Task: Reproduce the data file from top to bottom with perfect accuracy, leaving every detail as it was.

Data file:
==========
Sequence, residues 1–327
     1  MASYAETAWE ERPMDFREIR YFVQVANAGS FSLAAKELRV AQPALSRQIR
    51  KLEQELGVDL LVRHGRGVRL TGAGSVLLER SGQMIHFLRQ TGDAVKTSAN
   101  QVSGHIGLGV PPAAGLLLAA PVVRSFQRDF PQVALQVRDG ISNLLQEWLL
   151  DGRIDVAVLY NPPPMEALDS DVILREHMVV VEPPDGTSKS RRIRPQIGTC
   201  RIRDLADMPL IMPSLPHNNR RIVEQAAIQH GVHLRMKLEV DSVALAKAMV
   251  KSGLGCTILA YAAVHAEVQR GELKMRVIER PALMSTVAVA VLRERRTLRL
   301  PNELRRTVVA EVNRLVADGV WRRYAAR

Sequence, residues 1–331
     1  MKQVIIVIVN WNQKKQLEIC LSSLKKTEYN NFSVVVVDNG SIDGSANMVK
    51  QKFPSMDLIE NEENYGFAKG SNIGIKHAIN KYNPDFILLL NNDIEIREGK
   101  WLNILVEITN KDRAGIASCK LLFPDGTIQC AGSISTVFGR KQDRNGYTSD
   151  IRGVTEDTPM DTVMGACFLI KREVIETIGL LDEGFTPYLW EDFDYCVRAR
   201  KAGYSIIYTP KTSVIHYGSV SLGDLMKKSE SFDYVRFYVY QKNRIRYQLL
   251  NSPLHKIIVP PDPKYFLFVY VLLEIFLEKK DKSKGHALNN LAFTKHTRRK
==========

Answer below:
Sequence, residues 1–327
     1  MASYAETAWE ERPMDFREIR YFVQVANAGS FSLAAKELRV AQPALSRQIR
    51  KLEQELGVDL LVRHGRGVRL TGAGSVLLER SGQMIHFLRQ TGDAVKTSAN
   101  QVSGHIGLGV PPAAGLLLAA PVVRSFQRDF PQVALQVRDG ISNLLQEWLL
   151  DGRIDVAVLY NPPPMEALDS DVILREHMVV VEPPDGTSKS RRIRPQIGTC
   201  RIRDLADMPL IMPSLPHNNR RIVEQAAIQH GVHLRMKLEV DSVALAKAMV
   251  KSGLGCTILA YAAVHAEVQR GELKMRVIER PALMSTVAVA VLRERRTLRL
   301  PNELRRTVVA EVNRLVADGV WRRYAAR

Sequence, residues 1–331
     1  MKQVIIVIVN WNQKKQLEIC LSSLKKTEYN NFSVVVVDNG SIDGSANMVK
    51  QKFPSMDLIE NEENYGFAKG SNIGIKHAIN KYNPDFILLL NNDIEIREGK
   101  WLNILVEITN KDRAGIASCK LLFPDGTIQC AGSISTVFGR KQDRNGYTSD
   151  IRGVTEDTPM DTVMGACFLI KREVIETIGL LDEGFTPYLW EDFDYCVRAR
   201  KAGYSIIYTP KTSVIHYGSV SLGDLMKKSE SFDYVRFYVY QKNRIRYQLL
   251  NSPLHKIIVP PDPKYFLFVY VLLEIFLEKK DKSKGHALNN LAFTKHTRRK